Wednesday, October 26
Kitchen table, 19:50
I cycled to Puotila in the dark with a very light drizzle stopping me from feeling too comfortable. The drizzle had stopped entirely by the time I got to the metro.
I had a morning of rapid and overlapping bits and pieces. I started with a tutorial at 9:15, followed by a session adding students to Lynda.com. I then emailed the CMS students about the next block, and reread Joachim’s thesis. Finally I moved the chapter for Nathalie’s book into Scrivener and reordered it.
At midday Joachim gave his thesis presentation on devising a logo and branding for a start-up, in which he made much use of Angela Wright’s theory of psychological colours, in which she declares four primary colours: red, yellow, green and blue. She also declares four psychological groups that use these colours in specific clusters.
In the afternoon Liisa suggested that I try to change the time of the ferry we will get back from our two-day conference in Tallinn next month. She had looked at the agenda and once I had looked at it I agreed with her. I emailed to see if we could change our tickets from the 16:30 ferry to the 13:30 ferry. If we can then I will catch up with Bryan on Friday evening.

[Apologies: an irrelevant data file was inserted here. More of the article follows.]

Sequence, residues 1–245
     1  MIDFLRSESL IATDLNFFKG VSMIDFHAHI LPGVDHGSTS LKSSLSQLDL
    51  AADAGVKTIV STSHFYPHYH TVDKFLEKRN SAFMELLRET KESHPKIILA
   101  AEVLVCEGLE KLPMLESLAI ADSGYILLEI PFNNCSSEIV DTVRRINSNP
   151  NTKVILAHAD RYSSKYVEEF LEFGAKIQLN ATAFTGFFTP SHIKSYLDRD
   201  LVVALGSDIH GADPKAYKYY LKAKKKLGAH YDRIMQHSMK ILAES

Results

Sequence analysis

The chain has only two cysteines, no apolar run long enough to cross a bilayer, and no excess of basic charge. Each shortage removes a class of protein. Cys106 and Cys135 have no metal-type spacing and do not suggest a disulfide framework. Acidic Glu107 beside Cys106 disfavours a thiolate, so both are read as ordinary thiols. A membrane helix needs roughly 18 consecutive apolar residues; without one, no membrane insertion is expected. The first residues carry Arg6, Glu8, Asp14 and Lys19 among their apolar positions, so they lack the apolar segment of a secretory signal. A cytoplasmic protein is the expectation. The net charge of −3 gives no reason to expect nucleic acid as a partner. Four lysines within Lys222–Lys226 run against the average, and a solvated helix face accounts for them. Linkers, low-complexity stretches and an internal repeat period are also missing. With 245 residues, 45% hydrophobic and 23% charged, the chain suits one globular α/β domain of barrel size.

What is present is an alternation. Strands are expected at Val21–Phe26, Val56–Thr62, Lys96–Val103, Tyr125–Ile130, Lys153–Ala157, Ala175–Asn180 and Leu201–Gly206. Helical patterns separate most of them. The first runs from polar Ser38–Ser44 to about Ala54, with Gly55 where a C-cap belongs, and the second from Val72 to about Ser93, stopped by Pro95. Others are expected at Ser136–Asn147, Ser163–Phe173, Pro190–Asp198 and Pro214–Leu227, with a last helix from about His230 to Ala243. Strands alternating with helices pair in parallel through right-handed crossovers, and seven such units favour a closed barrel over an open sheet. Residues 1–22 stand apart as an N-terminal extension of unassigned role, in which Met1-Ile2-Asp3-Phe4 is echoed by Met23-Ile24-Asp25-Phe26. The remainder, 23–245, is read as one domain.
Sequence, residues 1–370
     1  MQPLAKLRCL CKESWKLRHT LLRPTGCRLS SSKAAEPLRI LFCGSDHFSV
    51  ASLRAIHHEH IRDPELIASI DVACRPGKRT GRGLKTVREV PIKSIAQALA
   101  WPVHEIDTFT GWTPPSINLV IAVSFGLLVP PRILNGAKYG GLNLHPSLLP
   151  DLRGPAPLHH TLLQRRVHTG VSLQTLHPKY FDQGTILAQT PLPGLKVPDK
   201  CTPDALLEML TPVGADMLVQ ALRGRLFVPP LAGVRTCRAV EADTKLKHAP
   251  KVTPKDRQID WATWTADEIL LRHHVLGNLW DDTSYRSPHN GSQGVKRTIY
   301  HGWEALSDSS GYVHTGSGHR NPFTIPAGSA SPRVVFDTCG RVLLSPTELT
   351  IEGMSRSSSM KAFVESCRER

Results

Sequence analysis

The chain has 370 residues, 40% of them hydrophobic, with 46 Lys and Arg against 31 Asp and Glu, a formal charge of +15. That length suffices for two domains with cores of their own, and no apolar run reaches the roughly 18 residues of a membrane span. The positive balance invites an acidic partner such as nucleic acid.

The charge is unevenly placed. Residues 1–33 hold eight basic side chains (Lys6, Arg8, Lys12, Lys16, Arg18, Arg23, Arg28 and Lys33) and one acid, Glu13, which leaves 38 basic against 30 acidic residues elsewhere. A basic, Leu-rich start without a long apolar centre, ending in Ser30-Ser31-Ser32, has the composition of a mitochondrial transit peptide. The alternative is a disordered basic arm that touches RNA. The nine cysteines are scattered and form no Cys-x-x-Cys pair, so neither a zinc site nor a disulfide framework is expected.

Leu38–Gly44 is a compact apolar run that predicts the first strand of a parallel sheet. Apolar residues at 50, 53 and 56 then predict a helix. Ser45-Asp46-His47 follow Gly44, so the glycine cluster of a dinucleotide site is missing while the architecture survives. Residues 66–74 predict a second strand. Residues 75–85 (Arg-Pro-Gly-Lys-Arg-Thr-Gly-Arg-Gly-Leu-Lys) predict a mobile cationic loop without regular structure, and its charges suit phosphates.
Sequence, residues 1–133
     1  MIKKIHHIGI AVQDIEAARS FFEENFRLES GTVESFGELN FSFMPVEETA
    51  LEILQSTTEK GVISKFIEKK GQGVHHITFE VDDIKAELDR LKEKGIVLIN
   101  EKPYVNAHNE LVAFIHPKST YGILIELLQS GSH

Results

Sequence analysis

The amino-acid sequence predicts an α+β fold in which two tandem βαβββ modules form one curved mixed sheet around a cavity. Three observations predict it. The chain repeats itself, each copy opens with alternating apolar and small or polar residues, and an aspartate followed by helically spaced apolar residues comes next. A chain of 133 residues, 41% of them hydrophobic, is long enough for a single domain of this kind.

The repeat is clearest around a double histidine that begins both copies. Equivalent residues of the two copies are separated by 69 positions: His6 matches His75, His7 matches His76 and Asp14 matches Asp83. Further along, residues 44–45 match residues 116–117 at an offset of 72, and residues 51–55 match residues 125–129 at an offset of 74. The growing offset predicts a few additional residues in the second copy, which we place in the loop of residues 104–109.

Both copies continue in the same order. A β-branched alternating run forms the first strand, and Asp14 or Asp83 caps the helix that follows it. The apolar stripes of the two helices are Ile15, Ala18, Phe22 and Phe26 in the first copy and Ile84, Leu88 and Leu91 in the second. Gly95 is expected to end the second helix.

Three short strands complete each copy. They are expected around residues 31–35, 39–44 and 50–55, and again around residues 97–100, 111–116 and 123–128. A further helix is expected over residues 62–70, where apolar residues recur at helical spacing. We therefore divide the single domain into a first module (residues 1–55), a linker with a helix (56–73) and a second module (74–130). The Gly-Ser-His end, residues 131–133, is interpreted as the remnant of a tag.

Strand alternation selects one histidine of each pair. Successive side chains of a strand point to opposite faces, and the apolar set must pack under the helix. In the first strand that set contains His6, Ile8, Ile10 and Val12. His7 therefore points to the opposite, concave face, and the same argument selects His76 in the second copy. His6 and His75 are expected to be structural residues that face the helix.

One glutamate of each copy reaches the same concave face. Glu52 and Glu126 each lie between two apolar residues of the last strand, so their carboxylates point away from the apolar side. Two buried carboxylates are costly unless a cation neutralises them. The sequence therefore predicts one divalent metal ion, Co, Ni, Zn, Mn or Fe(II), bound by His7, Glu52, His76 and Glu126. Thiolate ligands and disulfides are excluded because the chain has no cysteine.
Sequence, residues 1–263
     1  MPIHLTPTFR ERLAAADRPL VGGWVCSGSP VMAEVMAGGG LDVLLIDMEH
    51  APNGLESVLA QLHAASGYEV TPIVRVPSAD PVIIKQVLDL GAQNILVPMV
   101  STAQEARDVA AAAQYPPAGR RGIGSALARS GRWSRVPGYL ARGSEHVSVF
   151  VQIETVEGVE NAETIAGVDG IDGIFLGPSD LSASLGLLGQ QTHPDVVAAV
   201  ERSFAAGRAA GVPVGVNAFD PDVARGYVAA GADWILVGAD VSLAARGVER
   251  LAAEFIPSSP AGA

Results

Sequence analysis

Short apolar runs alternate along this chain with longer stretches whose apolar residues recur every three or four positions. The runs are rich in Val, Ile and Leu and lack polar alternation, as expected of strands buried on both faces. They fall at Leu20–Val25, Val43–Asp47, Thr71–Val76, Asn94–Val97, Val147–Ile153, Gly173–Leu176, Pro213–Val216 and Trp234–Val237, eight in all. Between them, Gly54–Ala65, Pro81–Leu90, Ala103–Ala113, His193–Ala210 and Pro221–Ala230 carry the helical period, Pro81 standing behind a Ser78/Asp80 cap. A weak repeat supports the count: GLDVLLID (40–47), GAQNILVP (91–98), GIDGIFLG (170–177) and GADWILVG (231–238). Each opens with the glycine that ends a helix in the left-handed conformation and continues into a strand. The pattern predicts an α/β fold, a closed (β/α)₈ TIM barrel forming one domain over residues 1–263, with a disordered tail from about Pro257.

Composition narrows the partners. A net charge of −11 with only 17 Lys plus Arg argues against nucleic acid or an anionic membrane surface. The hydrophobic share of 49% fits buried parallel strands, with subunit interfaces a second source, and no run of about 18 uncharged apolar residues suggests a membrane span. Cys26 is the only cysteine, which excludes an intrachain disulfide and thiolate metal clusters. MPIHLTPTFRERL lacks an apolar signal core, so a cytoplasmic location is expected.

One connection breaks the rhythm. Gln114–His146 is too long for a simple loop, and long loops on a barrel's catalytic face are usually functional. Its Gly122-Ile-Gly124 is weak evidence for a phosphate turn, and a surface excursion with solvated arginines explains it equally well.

I spent the rest of the afternoon and some of the evening in a serious effort to complete a full draft of my book chapter. I paused briefly at one point to look at John’s Mattermost installation and found, to my delight, that it all just worked. Any fear I had had that I might need to spend tomorrow morning setting things up evaporated in the face of a simple and easy to understand control panel.
By 18:30 I had a workable draft, and I set off for home, cycling from Puotila in the dark. When I arrived I saw this on the kitchen table and asked the obvious question to receive a far-from-obvious answer.
We found the clockwork clown in the attic of a house in Björkböda which we once bought and renovated. The clown seems in mint condition, and in a mint condition box. Apparently six months ago Irma phoned the toy museum to ask if they would like it and never heard back. She heard back today and got it out to look at it. It looks as evocative and grotesque as it always did. It reminds me of a tin fireman I had at the age of five, that climbed a tin ladder and flipped over the top when I wound him up.
Auo used to dislike the tin clown intensely so she would have happily given it to a toy museum. We hope it has found a new home where it will serve a small historical purpose.